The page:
This course focuses on administrative law research, including federal regulations, the federal rulemaking process, documents produced by federal agencies such as “no action” letters and guidance documents, and research into the enabling legislation and related legislative process. It will also cover research into legislative and regulatory stakeholders, demonstrating tools to discover information on companies, lobbyists, and individuals, with the goal of facilitating student research expertise in addressing administrative law issues in practice.
The annual celebration of the Law School’s international students and scholars will be held Sept. 23 – 27.
New Duke Law center will delve into science of criminal justice
The Center for Science and Justice, led by Professor Brandon Garrett, will apply legal and scientific research to reforming the criminal justice system.
Welcoming the LLM Class of 2020
Ninety-six accomplished attorneys from 39 countries began their LLM studies on Aug. 19
This clinic will develop and hone civil litigation skills in the context of working on actual cases taken in directly by the CJC or working in association with the Durham and Raleigh offices of Legal Aid of North Carolina and with the North Carolina Office of Administrative Hearings. Cases will focus on vindicating the rights of impoverished individuals or groups who cannot otherwise adequately find justice in the civil courts. Students will be directly supervised by the Clinic Director and/or Supervising Attorney and/or Legal Aid attorneys.
This basic trial skills course covers Opening Statement, Direct Examination, Cross Examination, Impeachment, Exhibits, Expert Witnesses and Closing Argument. Students will prepare and perform these skills using simulated problems and case files. Students receive constructive comments from faculty who are experienced trial lawyers. The course ends with a full jury trial with teams of two students on each side. At the end of the trial, the jury deliberates while students observe.
Please note: This course is offered only in the fall. And those wishing to drop the course must do so within three days after the first class.
JD students currently enrolled in Law 355 Sex in Law who wish to write an additional longer piece in this area may enrolled in LAW 355W. This credit will count towards the Independent Study Research Credit Limit (Rule 3-12)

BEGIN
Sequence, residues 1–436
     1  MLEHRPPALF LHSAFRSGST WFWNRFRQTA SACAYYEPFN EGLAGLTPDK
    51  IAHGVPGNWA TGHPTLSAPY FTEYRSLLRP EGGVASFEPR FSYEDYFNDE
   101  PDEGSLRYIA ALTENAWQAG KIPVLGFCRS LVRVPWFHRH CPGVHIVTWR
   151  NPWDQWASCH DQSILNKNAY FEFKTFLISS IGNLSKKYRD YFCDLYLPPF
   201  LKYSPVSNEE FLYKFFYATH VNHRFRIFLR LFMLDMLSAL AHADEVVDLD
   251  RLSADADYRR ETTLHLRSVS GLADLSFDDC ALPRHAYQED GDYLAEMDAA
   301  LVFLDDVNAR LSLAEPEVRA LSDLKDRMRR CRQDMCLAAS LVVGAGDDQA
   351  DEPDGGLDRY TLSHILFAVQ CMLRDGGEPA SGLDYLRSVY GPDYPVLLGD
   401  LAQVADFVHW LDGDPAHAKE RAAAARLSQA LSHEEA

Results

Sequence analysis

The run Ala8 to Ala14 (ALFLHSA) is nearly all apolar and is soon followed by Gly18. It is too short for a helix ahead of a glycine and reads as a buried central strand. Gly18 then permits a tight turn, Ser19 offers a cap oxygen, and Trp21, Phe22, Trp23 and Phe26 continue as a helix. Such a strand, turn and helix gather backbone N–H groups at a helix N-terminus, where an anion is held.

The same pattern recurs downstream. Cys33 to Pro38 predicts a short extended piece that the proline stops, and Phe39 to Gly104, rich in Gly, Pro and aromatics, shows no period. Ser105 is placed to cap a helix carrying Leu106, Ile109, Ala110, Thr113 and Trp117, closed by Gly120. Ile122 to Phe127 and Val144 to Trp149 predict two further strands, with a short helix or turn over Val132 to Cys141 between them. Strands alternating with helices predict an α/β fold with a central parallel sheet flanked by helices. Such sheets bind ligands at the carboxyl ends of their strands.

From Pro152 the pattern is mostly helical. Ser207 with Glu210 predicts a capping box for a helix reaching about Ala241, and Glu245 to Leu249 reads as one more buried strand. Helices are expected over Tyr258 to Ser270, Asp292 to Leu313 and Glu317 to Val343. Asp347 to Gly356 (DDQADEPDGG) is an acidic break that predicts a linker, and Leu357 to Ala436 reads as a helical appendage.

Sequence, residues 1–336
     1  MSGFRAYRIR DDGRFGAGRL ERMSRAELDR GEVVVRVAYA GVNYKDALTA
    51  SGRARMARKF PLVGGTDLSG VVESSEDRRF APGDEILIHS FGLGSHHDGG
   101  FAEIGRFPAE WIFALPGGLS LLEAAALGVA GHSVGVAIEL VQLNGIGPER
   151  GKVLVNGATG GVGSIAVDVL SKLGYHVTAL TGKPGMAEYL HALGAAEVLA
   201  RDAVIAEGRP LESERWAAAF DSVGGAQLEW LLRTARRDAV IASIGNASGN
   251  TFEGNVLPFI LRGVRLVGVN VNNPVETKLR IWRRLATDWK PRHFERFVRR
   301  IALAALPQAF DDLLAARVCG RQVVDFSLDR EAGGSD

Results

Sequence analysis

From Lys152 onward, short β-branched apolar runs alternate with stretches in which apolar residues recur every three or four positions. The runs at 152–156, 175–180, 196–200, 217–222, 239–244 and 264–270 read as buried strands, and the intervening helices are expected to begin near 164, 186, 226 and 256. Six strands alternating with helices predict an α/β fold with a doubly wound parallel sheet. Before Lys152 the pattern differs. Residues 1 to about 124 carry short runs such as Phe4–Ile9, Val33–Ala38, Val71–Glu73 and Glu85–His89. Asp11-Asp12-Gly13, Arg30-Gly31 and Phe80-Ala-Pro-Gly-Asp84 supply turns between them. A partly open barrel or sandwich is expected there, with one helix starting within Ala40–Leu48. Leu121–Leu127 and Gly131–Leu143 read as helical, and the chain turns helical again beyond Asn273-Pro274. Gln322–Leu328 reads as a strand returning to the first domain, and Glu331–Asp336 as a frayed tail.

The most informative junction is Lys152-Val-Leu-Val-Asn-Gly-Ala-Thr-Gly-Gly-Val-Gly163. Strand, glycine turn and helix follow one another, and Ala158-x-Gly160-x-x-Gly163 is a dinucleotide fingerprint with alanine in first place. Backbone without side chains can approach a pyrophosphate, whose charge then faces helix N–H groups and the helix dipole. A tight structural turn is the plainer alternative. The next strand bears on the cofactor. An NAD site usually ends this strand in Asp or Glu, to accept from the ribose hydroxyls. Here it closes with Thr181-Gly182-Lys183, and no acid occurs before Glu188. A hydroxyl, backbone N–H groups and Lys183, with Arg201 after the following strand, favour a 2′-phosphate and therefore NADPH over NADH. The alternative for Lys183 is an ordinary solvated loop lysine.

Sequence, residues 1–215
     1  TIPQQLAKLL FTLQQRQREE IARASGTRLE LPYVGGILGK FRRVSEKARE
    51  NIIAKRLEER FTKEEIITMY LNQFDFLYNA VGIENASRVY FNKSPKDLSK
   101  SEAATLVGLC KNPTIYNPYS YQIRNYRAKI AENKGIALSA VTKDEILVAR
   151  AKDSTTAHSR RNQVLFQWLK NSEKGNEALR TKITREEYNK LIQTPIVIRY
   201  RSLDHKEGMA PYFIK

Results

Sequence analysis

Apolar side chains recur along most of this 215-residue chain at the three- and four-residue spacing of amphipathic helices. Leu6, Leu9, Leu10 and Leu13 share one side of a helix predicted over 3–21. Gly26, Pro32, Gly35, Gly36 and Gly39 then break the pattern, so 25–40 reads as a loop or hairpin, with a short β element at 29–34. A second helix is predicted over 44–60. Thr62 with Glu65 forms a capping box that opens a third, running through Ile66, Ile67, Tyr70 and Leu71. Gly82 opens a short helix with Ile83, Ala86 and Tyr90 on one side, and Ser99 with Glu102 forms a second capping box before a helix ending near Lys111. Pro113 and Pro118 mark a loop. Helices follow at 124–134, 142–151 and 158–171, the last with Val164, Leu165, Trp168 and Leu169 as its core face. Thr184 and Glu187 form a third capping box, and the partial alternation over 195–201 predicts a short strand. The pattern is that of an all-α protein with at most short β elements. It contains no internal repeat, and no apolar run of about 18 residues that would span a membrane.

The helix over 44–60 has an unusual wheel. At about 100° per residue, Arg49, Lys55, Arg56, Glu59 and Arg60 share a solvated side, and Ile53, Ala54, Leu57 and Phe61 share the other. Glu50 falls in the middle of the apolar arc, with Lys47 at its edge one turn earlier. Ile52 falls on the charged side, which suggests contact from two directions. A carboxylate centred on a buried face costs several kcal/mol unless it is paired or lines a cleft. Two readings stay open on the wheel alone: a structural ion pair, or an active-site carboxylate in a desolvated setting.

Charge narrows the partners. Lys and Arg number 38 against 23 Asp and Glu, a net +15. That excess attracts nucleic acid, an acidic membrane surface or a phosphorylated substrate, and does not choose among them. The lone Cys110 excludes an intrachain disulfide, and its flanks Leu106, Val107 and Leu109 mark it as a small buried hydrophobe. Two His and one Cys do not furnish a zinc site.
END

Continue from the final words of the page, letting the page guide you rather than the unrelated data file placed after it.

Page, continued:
This fall semester the course will be taught as a seminar focused specifically on sex in law. We will begin with a history of biological sex classifications, societies' interest in those classifications, and the special benefits and/or burdens they have involved for individuals. This section of the course will feature the male-female binary, but in that context, we will also discuss the legal treatment of individuals with intersex conditions. We will then turn to an examination of modern sex classifications and equality law, and the way these have developed in tandem with academic work c
This course is open to students participating in the Duke in DC integrated externship program (LAW 679: Duke Law in DC Externship). The Rethinking Federal Regulation course is a graded 4-credit weekly class that focuses on trends in regulatory philosophy, competing models for regulation, the nature of administrative rulemaking and enforcement of rules and regulations, and some of the sources of regulatory dysfunction. Students will develop critical analysis skills that are necessary to evaluate federal regulatory law, and will produce a 30-page final paper for the course.
This course will provide students a framework for effective client interviewing and counseling, skills which are foundational to successful lawyering.
Forensic evidence, from DNA to fingerprints to ballistics, has never been more important in criminal cases. However, litigating scientific evidence in the courtroom is not like it appears on TV shows like CSI—it is challenging and requires some specialized skills. We are excited to offer a new short course to provide those skills—by the end of the course you will be able to handle sophisticated scientific evidence in the courtroom. While the focus is on forensics used in criminal cases, many of the same principles and skills apply when litigating scientific evidence in any type of case.
Under the supervision of the clinical faculty, students will work on current case and policy advocacy priorities as determined by the Clinic's Intake Board. Cases and issues undertaken by the Clinic may include the following subject areas: water quality, air quality, natural resources conservation, endangered species, agriculture, sustainable development, public trust resources and environmental justice. Practical skills training will emphasize skills needed to counsel clients, examine witnesses and to advocate effectively in rulemaking and litigation settings.